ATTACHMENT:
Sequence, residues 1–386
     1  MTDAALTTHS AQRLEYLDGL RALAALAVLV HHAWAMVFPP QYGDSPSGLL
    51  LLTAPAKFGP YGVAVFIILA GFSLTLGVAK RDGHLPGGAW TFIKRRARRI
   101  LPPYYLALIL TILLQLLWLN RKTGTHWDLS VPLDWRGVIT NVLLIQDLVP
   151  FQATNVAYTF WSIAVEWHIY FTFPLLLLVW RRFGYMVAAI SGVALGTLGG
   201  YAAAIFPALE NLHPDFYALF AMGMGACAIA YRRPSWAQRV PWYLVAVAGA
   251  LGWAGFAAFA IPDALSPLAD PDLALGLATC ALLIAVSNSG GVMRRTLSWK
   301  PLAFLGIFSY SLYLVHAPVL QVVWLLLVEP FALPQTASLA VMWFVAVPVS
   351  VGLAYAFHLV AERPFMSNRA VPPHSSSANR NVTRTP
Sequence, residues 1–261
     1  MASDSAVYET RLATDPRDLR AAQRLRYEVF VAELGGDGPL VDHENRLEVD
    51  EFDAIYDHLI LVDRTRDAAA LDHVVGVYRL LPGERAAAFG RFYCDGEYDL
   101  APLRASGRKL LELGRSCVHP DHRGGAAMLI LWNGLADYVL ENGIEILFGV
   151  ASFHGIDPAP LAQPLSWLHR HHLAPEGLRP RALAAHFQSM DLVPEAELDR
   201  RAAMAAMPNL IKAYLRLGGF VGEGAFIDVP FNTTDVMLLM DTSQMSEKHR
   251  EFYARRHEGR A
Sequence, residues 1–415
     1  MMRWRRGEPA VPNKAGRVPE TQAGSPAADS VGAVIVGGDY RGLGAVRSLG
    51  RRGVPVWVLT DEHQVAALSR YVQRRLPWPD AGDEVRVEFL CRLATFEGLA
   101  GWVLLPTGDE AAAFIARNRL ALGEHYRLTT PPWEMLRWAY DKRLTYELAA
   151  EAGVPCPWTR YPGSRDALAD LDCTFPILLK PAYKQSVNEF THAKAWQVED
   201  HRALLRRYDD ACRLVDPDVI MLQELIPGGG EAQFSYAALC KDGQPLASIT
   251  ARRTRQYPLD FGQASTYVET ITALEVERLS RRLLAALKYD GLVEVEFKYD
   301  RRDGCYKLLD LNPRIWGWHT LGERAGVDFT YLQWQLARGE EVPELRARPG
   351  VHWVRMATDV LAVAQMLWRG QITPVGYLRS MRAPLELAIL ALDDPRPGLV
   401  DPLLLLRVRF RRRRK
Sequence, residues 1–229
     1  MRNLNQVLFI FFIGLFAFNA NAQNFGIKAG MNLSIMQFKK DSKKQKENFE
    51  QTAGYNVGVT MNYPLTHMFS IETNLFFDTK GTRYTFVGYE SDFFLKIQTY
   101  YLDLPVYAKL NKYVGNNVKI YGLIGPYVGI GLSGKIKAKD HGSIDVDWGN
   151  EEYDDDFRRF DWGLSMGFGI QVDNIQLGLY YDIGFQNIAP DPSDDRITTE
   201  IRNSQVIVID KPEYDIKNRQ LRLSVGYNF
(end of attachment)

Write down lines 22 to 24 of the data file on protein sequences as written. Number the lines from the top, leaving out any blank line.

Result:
   201  HRALLRRYDD ACRLVDPDVI MLQELIPGGG EAQFSYAALC KDGQPLASIT
   251  ARRTRQYPLD FGQASTYVET ITALEVERLS RRLLAALKYD GLVEVEFKYD
   301  RRDGCYKLLD LNPRIWGWHT LGERAGVDFT YLQWQLARGE EVPELRARPG